Thoughts on the Murder of Farkhunda Malikzada
Norman Mailer — the great twentieth century American novelist — once remarked: “I used to hate America for what it was doing to all of us. Now I hate all of us for what we’re doing to America.” Mailer’s words are fantastically applicable to the situation in Afghanistan today. I hated what Afghanistan had become during the Taliban regime. The Taliban regime was too oppressive and relied on many tactics of control and oppression. Their, the Taliban’s, draconian laws and drastic demands had driven every citizen of Afghanistan insane. However, now that Afghanistan is free from the rule of the Taliban and its citizens are endowed with a great many opportunities to build free, prosperous, and democratic lives, they have chosen to blindly, ignorantly, and sadly walk on the same dark path set ablaze by the Taliban.
On March 19, 2015, a group of Afghan men murdered a young, innocent, and beautiful Afghan girl named Farkhunda because they thought she had burned a copy of the Koran. This heinous action of the crowd shocked, disturbed, and terrorized civilized peoples of the world. No one must ever die for his or her beliefs. No one must ever die for burning any book — religious or secular.
What is amazing about this whole tragic episode is the fact that Farkhunda had not burned a copy of the Koran; she was wrongly accused of burning a copy of the Koran.
In fact, in a video, before the beating starts, she clearly says that she hasn’t done such a thing but her words mean nothing to these barbaric cowards. And even if she had done such a thing, she should not have been questioned let alone murdered. Albert Camus says that truth needs witnesses. How could this crowd justify murdering her without a shred of evidence is beyond my comprehension.
For the time first in my life I’m ashamed of associating myself with Afghanistan, the country of my birth, because I can never understand how a group of people could beat and murder a girl who’s entirely innocent, helpless. I hate violence — especially, the kind of violence that is directed toward the weak and the poor.
As I thought about this event, I couldn’t help but ask myself: where were these cowards when the Taliban burned hundreds of copies of the Koran when in 2000 they set a Shia mosque on fire in the city of Herat? That the Taliban did this was okay to this dastardly gang but that an innocent girl is thought to have done the same is a grave offense to their moral sensibilities. When an individual commits such a crime their act can sometimes be explained but when many people commits a crime like this, it can never be explained for to explain such a barbaric action is to give excuses and to justify it. In a similar vein, I can understand one person devoid of conscience but never a people devoid of conscience. The people involved in this event — directly and indirectly — had no conscience. Poor bastards!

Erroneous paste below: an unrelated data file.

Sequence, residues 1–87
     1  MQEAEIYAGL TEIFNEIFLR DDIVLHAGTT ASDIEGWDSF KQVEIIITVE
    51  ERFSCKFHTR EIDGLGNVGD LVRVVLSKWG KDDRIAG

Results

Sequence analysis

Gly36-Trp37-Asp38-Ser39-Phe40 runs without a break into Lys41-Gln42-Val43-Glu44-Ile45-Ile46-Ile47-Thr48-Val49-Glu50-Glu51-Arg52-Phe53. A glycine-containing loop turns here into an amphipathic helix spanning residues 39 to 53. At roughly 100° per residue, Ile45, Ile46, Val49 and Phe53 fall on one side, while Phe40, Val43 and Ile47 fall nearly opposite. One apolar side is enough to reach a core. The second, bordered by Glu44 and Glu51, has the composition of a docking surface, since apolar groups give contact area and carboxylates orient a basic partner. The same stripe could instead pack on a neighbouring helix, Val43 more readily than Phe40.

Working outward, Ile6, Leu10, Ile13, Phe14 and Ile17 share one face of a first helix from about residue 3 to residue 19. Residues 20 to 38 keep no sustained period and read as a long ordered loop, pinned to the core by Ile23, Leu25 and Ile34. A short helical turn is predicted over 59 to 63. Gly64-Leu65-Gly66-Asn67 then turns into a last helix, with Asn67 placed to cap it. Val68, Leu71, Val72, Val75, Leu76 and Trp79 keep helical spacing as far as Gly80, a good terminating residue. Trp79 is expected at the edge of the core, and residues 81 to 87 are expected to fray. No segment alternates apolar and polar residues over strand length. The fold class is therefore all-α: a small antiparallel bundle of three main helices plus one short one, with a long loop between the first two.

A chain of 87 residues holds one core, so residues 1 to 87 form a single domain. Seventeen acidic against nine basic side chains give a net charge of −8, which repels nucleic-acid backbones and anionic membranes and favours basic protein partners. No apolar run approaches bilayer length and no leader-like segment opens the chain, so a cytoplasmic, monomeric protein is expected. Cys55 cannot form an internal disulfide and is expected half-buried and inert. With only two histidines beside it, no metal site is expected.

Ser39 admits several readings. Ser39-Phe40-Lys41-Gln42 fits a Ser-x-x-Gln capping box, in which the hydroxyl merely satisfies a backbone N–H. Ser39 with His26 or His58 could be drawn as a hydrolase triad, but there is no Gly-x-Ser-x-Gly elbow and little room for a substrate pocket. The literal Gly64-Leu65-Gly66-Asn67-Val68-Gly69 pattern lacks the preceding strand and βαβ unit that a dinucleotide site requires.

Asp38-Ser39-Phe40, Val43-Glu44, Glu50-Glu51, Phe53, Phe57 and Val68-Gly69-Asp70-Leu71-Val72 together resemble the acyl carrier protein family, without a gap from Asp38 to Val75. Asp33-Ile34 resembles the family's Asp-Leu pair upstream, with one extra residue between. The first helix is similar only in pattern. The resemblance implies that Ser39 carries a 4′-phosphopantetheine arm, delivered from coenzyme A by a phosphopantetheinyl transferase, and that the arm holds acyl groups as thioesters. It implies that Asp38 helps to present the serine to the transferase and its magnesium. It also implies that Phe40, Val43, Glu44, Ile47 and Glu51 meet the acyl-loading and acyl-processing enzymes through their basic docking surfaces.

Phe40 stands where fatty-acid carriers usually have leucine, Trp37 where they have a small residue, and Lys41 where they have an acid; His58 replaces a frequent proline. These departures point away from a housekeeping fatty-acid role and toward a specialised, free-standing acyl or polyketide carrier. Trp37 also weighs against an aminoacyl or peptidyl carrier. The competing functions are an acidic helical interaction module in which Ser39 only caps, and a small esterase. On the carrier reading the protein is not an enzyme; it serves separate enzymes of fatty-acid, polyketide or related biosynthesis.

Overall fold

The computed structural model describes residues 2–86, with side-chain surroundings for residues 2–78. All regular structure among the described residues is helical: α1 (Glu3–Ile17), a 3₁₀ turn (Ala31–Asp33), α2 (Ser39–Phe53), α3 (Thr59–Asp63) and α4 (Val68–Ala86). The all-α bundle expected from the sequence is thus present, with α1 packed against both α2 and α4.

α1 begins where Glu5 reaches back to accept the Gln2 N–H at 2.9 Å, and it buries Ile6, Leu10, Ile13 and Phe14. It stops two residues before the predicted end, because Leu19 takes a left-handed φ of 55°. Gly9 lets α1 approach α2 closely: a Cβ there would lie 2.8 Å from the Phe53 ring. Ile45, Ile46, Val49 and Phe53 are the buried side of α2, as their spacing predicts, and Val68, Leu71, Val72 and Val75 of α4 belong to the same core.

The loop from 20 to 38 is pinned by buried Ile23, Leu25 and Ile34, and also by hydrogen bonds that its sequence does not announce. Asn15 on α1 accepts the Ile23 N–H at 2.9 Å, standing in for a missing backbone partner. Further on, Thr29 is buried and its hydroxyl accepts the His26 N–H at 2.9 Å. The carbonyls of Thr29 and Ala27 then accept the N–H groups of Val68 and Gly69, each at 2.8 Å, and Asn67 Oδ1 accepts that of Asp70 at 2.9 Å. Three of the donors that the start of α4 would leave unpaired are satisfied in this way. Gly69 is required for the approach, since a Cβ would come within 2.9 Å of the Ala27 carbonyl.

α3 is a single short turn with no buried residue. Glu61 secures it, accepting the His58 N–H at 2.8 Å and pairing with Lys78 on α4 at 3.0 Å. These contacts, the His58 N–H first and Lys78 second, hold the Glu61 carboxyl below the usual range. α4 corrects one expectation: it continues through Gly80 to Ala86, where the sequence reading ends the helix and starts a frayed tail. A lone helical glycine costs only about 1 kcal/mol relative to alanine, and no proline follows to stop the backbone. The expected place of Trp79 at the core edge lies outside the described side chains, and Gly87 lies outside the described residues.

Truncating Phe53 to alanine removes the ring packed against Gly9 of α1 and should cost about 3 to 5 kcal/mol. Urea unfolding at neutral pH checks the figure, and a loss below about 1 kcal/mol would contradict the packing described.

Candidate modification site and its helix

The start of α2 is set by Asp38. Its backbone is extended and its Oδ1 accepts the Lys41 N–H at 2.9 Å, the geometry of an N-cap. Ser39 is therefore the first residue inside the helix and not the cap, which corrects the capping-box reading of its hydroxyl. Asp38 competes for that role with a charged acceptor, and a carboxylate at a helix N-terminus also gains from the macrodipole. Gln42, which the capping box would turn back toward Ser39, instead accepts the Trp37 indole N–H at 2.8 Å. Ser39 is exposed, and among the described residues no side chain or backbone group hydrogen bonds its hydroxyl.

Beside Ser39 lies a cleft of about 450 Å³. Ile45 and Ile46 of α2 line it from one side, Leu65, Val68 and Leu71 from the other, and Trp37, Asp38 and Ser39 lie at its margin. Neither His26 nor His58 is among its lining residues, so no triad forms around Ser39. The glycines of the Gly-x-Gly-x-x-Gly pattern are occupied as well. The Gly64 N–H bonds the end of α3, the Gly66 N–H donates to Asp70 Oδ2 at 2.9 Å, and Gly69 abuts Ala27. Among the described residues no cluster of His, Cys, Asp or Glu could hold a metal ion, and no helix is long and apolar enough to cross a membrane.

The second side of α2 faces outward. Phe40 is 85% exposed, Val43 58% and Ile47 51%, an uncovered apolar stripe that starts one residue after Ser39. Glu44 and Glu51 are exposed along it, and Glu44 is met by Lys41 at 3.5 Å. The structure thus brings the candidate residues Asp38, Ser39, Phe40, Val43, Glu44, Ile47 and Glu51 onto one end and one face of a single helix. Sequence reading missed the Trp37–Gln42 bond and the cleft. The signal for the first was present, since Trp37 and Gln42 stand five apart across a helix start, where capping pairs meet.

In the aftermath of this horrendous event, many Afghans have courageously come out and condemned the actions of the perpetrators. And there’s a vigorous movement underway demanding that those behind this action be executed. All this is admirable. However, many cowardly senior Afghan officials have remained silent on the issue. The spokesman for the ministry of religion even went as far as saying that if Farkhunda did burn a copy of the Koran, she deserved what came her way. This is very disturbing and President Ashraf Ghani must fire this official right away.
Such people should never occupy seats of decision making, especially when they are this ignorant and dark. Aristotle wrote: “At his best man is the noblest of all animals; separated from law and justice he is the worst.” Lawlessness continues to reign in Afghanistan and this recent event is a palpable manifestation of it. President Ghani promised to effect many reforms — especially ones that will improve the situation of Afghan women. Bringing those who murdered Farkhunda to justice and enacting laws that would ban the terrorization, denigration, and segregation of any citizen of Afghanistan for exercising their inherent rights of freedom of religion and of expression is a great place to start.
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